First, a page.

INS Viraat retires, navy’s aircraft carrier future linked with America - Broadsword by Ajai Shukla - Strategy. Economics. Defence.

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Monday 6 March 2017

INS Viraat retires, navy’s aircraft carrier future linked with America

After operating British and Russian carriers for decades, navy looks to US design

Ajai Shukla
Business Standard, 6th March 17

The navy on Monday decommissioned Indian Navy Ship (INS) Viraat, the world’s oldest aircraft carrier, 58 years after she entered operational service with the Royal Navy in 1959. During this period, she has sailed over a million kilometres, enough to circumnavigate the world 27 times.

As per centuries-old naval practice, the decommissioning was formally completed when two flags --- the Viraat’s commissioning pennant, and the naval ensign --- were lowered at sunset today in Mumbai.

Highlighting the nostalgia around the decommissioning, all but one of the carrier’s 22 Indian commanding officers attended the ceremony.

As a mark of respect, the Royal Navy’s First Sea Lord (navy chief), Admiral Sir Philip Jones, also attended the decommissioning.

The 28,000 tonne aircraft carrier was first commissioned into the United Kingdom’s Royal Navy as HMS (Her Majesty’s Ship) Hermes in 1959. The highlight of her 26 years in British service was the Falklands War, when she served as the flagship of the Royal Navy task force in the Southern Atlantic.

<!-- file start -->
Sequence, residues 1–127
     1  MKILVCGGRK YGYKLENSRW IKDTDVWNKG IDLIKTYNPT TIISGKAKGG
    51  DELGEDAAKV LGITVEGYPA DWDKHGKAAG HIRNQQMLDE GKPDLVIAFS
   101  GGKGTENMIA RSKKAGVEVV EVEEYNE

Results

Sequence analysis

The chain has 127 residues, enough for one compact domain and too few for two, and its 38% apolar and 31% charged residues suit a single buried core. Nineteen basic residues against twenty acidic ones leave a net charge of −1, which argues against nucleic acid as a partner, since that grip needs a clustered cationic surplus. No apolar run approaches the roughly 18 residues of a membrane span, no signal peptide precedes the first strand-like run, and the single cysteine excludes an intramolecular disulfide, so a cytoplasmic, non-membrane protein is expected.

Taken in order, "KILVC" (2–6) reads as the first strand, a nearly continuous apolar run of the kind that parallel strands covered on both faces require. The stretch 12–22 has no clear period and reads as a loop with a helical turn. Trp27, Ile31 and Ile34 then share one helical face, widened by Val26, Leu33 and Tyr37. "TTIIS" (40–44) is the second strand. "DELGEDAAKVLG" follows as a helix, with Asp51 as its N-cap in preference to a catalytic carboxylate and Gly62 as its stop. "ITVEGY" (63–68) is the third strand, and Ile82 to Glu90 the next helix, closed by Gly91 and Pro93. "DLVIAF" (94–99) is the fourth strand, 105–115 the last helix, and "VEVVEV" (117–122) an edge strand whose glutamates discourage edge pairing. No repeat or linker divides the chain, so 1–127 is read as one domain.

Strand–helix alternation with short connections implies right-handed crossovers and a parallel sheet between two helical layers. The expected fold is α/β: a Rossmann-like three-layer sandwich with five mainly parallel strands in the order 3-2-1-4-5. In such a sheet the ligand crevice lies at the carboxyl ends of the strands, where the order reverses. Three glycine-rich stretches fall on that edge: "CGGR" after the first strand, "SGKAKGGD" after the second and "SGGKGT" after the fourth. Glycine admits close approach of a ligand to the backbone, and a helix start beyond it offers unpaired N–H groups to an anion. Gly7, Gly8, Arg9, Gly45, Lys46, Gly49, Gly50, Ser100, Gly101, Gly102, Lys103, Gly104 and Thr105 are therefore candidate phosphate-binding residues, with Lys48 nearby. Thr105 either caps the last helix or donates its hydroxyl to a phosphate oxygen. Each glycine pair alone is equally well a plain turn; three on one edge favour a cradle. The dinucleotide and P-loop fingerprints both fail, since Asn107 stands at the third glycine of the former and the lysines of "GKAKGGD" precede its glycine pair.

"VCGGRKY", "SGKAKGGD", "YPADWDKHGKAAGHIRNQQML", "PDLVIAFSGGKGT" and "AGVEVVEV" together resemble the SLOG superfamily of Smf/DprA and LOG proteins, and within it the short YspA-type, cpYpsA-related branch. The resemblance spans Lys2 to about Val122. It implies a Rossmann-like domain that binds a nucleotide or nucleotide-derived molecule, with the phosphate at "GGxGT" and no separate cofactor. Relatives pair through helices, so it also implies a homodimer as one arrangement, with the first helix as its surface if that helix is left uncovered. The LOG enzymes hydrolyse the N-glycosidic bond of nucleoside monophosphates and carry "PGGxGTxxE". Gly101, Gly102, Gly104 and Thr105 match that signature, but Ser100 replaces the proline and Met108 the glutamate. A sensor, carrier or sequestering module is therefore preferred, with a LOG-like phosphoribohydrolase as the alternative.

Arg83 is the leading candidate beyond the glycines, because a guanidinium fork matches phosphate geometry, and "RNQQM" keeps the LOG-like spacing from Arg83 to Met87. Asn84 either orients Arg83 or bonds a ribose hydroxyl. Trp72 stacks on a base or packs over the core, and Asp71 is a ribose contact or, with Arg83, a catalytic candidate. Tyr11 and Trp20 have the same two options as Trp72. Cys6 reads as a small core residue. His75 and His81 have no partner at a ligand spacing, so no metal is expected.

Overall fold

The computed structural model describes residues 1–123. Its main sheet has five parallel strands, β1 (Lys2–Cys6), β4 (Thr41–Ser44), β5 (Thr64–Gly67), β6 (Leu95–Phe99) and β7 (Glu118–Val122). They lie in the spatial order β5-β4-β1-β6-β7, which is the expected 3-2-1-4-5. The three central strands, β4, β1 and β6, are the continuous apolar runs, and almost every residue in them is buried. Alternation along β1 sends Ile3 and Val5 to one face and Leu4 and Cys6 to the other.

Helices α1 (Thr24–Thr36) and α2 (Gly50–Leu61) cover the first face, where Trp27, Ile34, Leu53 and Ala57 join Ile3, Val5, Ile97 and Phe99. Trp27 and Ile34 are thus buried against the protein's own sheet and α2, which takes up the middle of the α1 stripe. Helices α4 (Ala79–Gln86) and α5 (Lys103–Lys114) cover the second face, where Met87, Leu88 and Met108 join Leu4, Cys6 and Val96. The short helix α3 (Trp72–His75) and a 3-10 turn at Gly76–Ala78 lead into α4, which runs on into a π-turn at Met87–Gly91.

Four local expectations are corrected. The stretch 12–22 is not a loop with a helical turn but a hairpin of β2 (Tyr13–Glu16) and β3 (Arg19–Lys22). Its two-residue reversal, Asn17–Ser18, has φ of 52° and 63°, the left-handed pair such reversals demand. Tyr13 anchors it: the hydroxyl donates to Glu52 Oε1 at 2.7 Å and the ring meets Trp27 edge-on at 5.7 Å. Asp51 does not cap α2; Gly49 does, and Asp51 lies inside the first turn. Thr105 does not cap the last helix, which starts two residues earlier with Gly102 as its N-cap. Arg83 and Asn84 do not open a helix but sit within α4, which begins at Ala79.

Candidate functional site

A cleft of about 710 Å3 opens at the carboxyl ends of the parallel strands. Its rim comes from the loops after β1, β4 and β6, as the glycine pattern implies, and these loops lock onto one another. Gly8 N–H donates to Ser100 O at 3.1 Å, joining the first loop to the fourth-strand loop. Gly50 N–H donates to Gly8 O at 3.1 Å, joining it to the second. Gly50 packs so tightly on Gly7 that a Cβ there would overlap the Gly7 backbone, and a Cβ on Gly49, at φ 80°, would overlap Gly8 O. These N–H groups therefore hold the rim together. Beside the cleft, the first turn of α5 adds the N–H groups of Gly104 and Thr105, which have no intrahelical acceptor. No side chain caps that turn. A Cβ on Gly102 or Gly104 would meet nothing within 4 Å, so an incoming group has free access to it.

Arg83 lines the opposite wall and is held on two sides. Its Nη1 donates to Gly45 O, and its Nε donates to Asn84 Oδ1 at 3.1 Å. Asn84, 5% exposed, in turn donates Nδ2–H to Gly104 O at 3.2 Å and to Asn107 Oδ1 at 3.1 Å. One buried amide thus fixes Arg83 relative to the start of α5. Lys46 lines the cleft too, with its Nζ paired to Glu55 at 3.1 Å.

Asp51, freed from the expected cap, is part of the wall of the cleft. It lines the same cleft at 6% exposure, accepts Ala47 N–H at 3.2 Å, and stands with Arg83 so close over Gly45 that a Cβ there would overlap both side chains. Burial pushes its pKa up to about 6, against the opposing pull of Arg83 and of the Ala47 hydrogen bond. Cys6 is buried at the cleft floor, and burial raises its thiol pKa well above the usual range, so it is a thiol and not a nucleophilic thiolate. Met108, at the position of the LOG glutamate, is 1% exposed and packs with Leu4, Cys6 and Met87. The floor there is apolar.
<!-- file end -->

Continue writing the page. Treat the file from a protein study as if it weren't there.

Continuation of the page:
Three years after the Falklands War, she was decommissioned in 1985. After two years of refit in Devon Shipyard, she was commissioned as INS Viraat into the Indian Navy, eventually serving another 30 years.

Symbolising a bygone era, INS Viraat was the navy’s last British-built warship. The Royal Navy established and trained the modern Indian Navy, which British admirals commanded till April 21, 1958. Up to the 1970s, the UK supplied India’s first modern warships, including its first aircraft carrier, INS Vikrant, and six Leander class frigates.

In the 1980s began decades of Russian affiliation, when India bought dozens of cheap Russian missile corvettes and its first destroyers, the Rajput class. As Indian designers began building the first indigenous warships, including the Godavari class frigates, Russian influence was evident in their design. Meanwhile, the navy continued buying Russian warships, such as the six Talwar-class frigates and the navy’s current flagship --- INS Vikramaditya (formerly Admiral Gorshkov).

Currently, India is building its next carrier, also named INS Vikrant, at Cochin Shipyard Ltd (CSL), Kochi. This 40,000 tonne vessel, which has been delayed by almost a decade, is likely to be commissioned in 2023.

Beyond the British and Russian strands interwoven into the navy’s equipment profile and the strong drive towards indigenisation evident today, its future in aircraft carriers appears increasingly linked with America.

The navy has decided that INS Vishal, the 65,000-tonne indigenous aircraft carrier that will follow INS Vikrant, must be a technologically cutting-edge warship with numerous American features. These include nuclear propulsion and the new US “electro-magnetic aircraft launch system” (EMALS) that makes it possible to quickly launch different types of combat aircraft that would provide a major combat edge.

Given the US Navy’s pre-eminent reputation as the premier operator of carrier borne air power, New Delhi is consulting closely with Washington on designing INS Vishal. A “joint working group” that discusses design aspects is amongst the most successful cooperative enterprises between the two militaries.